potentially implicated. The appellate court agreed.          unfortunate event and a single occurrence.” The court
                                                                                           held that, because the instances of abuse allegedly
                              In so doing, the court held that, in the absence of an       occurred over a seven-year period, and at different
                              aggregation of claims provision in the relevant policy       times and locations, “it cannot be said that there was
                              evidencing an intent to aggregate claims for purposes        a close temporal and spatial relationship between
                              of subjecting them to a single SIR, the court was            the acts of sexual abuse … under the circumstances,
                              required to apply the “unfortunate events test” in order     [National Union] demonstrated, prima facie, that
                              to determine whether the multiple instances of abuse         the alleged acts of sexual abuse constituted multiple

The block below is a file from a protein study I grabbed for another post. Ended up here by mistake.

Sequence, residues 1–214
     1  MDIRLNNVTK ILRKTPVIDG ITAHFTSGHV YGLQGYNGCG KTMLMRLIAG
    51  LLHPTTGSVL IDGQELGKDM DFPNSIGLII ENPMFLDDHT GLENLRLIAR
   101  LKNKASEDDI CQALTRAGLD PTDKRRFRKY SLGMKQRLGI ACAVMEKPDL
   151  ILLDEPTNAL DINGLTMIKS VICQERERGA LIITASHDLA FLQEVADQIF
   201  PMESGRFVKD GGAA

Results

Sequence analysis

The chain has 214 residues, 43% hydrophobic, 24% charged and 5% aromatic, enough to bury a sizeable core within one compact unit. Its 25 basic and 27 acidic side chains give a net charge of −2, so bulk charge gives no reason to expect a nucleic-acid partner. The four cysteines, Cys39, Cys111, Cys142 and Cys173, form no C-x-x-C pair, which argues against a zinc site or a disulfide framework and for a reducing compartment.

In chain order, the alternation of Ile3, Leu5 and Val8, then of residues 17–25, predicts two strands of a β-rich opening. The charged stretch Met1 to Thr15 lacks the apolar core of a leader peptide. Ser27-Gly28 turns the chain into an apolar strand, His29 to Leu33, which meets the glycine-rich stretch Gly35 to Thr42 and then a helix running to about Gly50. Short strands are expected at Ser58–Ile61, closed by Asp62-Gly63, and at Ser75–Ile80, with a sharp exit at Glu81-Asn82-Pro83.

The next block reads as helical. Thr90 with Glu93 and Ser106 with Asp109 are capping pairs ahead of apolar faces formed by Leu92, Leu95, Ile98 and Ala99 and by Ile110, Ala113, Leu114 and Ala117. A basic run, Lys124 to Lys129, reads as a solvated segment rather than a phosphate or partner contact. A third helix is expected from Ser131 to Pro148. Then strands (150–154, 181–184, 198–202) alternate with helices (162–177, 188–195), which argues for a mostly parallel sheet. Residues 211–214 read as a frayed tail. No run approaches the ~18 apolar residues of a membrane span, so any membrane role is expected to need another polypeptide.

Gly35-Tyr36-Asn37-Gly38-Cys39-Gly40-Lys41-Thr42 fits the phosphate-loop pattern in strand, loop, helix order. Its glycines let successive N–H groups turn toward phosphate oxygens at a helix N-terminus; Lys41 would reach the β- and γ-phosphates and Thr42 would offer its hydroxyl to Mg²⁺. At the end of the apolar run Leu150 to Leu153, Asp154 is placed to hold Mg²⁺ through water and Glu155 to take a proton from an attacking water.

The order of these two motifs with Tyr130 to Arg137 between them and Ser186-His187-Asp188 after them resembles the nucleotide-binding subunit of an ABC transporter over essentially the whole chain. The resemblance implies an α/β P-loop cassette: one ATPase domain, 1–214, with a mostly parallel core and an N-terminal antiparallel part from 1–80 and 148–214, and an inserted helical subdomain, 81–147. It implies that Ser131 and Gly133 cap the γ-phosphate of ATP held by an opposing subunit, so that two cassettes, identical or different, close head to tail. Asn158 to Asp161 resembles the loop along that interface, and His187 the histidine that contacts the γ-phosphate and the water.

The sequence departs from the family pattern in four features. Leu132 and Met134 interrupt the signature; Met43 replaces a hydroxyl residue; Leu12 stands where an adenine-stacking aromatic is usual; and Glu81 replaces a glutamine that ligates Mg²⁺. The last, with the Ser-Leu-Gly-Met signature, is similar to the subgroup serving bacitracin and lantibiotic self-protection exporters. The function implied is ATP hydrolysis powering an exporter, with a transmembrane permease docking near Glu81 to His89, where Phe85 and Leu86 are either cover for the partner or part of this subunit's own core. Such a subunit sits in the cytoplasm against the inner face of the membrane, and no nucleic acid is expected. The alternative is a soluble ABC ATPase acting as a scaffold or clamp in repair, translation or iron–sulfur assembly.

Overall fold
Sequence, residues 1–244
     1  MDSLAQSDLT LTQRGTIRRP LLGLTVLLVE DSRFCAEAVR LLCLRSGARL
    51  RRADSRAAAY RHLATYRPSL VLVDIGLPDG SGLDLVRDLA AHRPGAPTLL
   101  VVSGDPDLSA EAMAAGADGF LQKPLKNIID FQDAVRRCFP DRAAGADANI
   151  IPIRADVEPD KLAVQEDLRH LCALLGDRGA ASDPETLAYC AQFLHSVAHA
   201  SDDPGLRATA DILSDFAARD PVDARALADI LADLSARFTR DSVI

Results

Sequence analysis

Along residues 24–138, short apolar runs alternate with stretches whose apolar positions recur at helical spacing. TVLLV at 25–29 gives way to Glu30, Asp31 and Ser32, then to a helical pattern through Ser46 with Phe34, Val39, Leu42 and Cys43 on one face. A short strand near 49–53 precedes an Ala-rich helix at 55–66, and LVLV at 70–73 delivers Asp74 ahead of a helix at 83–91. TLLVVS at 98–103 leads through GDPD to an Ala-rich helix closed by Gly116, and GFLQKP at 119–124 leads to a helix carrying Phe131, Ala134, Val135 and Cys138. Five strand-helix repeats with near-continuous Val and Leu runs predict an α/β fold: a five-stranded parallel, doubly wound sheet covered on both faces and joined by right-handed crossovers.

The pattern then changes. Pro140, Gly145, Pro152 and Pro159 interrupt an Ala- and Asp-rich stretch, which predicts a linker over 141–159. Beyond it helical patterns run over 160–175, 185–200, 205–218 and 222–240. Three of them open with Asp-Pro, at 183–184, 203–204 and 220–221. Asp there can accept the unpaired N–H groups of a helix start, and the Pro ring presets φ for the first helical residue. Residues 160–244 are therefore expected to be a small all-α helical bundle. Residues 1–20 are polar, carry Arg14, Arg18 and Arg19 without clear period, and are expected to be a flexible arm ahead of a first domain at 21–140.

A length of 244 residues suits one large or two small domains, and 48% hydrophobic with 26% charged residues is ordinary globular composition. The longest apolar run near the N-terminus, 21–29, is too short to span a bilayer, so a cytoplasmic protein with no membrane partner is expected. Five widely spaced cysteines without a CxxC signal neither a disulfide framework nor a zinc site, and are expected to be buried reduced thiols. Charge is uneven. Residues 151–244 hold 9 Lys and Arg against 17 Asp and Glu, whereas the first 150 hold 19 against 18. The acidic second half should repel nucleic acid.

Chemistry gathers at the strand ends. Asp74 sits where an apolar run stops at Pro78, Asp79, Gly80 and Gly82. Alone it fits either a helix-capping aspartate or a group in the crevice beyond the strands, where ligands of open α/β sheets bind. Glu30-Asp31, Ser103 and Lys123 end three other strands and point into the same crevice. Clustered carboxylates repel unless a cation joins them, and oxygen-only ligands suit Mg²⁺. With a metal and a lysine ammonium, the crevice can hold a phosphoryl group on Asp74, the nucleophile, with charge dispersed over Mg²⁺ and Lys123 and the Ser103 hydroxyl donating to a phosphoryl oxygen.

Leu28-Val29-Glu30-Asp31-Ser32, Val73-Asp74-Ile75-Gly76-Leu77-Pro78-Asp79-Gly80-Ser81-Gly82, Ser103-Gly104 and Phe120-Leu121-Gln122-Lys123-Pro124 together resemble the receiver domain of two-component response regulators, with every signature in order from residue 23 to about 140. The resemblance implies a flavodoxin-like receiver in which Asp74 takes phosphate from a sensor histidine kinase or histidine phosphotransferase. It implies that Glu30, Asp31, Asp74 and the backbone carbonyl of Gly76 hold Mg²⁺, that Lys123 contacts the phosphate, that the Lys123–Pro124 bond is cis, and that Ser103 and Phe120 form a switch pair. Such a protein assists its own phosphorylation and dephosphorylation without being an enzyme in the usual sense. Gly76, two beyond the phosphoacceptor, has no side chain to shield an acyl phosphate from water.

constituted one “occurrence” or multiple “occurrences.”      occurrences.” As a result of this determination, the
                              To apply this test, the Catholic Diocese court stated        court further held that multiple policies were triggered
                              that “courts must analyze the temporal and spatial           spanning the seven-year period and liability should be
                              relationships between the incidents and the extent to        allocated on a pro rata basis to each with each policy’s
                              which they were part of an undisrupted continuum to          SIR being applied.
                              determine whether they can … be viewed as a single

                               Tressler Comments
                               Generally, courts have applied two other tests, along with the “unfortunate events test,” in order to define an
                               “occurrence.” As implied by its name, in the “cause test,” courts will examine the cause or causes of the bodily